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How SCOTUS’ abortion decision threatens privacy and puts the LGBTQ community at risk
SCOTUS’ abortion decision signals the possibility of sweeping changes to privacy under the Fourth Amendment, threatening the LGBTQ…
Much has been made about the Supreme Court’s controversial decision in Dobbs v. Jackson Women’s Health to overturn federal abortion rights. Much has also been made about the flares thrown up by Justice Clarence Thomas’ concurring opinion in Dobbs in which he pointed to other landmark rulings that he said should also be reconsidered.
In that opinion, Thomas laid out a wish-list of cases that he said the court should rethink including Griswold v. Connecticut, which established the right to contraception; Lawrence v. Texas, which established the right to private, consenting sexual acts; and finally, Obergefell v. Hodges, which established the right for same-sex couples to marry.
But if you’re thinking Thomas delivered an exhaustive list of cases he’d like to see reconsidered, don’t be fooled.
In the past, those inclined could dismiss many of Thomas’ opinions as fringe, but now with the Court’s conservative majority and its apparent willingness to rewrite long-standing precedent, Thomas might get his way more often.
And if he does, big changes could be coming to those civil rights already mentioned, but also the way in which the Fourth Amendment is applied.
Two landmark cases on privacy
Just four years ago, the Supreme Court ruled that the government needs a warrant to collect cell phone tower data that could be used to track a user’s location.
The Court found that the Fourth Amendment’s protection from unreasonable searches and seizures included cell phone records that could be used to track a person’s whereabouts.
Everywhere you go your cell phone is constantly pinging and connecting to nearby cell towers. It’s a reality of modern life for the vast majority of Americans as they cart around smartphones in their pockets. These pings and connections leave behind digital breadcrumbs of where that phone (and most often a specific individual) has been.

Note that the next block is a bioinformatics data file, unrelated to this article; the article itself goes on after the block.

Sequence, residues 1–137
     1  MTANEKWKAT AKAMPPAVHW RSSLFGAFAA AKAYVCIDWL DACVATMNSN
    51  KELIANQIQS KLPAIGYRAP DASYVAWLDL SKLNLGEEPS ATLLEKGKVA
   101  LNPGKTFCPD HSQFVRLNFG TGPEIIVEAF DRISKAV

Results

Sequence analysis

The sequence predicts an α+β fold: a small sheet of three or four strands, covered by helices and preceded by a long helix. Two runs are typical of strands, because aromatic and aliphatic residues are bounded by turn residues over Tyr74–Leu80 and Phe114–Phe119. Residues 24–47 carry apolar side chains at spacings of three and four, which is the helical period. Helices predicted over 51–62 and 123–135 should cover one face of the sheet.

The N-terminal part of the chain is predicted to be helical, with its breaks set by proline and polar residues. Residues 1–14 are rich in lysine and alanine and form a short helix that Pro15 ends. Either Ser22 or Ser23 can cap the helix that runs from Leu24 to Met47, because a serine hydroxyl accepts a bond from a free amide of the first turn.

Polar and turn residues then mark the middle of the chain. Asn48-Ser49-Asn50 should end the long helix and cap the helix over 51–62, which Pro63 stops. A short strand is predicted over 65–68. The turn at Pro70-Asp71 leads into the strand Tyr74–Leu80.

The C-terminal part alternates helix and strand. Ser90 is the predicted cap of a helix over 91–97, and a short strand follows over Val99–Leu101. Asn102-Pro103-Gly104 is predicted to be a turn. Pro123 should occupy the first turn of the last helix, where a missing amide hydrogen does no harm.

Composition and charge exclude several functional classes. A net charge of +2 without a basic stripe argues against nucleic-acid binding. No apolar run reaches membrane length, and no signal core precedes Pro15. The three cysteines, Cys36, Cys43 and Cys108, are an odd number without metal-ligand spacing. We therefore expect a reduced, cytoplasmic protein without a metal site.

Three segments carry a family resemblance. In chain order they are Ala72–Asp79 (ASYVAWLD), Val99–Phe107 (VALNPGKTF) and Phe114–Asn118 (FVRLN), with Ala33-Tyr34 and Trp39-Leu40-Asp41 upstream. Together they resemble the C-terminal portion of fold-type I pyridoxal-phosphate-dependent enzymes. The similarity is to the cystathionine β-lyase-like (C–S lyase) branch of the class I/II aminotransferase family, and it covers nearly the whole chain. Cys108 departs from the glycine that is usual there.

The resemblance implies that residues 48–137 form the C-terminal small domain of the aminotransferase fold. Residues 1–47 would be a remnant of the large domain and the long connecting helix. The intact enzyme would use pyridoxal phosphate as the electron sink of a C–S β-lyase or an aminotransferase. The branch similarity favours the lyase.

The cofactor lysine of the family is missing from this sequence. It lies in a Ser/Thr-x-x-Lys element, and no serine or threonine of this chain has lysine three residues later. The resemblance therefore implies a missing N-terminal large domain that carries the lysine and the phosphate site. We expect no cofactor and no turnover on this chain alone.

In the case of Carpenter v. United States (2018), those digital breadcrumbs were collected by the FBI in 2011 without a warrant and used to piece together the location of Timothy Carpenter, a suspected armed robber, for more than 120 days.
The question before the Supreme Court in Carpenter was whether the collection of that data without a warrant violated the Fourth Amendment.
In the Court’s opinion, Chief Justice John Roberts made clear how broad the scope of cell phone location data could be and the pitfalls of allowing authorities to collect it without a warrant.
“Mapping a cell phone’s location over the course of 127 days provides an all-encompassing record of the holder’s whereabouts,” Roberts wrote. “As with GPS information, the time-stamped data provides an intimate window into a person’s life, revealing not only his particular movements, but through them his ‘familial, political, professional, religious, and sexual associations.’”
Roberts joined the liberal wing in a 5–4 decision that was largely based on an earlier Supreme Court ruling called Katz v. United States.
It seems straightforward today: When you pick up the phone and call someone, the only people involved should be you and the person you’ve dialed. The obvious exception is if law enforcement was conducting an investigation and had a warrant to “tap” or bug your phone.
But up until about 50 years ago, there was no need for law enforcement to get a warrant.
That changed following the arrest of Charles Katz in 1965 as part of an investigation into illegal gambling.
The FBI — without a warrant — had installed listening devices on a bank of payphone booths in Los Angeles where agents suspected Mr. Katz had been transmitting betting information. One day, Mr. Katz entered one of the booths and his conversation was recorded with a listening device placed outside the booth. That conversation was then later used against him in court.
The reason the FBI didn’t need a warrant at the time was because of the Supreme Court’s ruling in Olmstead v. United States in 1928, which said that wiretaps were not a violation of the Fourth Amendment’s protections against unreasonable searches and seizures.
The Court reasoned that since the language of the Amendment states that people have a right to be “secured in their persons, houses, papers, and effects” that meant the Amendment’s protections only applied to physical property, not conversations.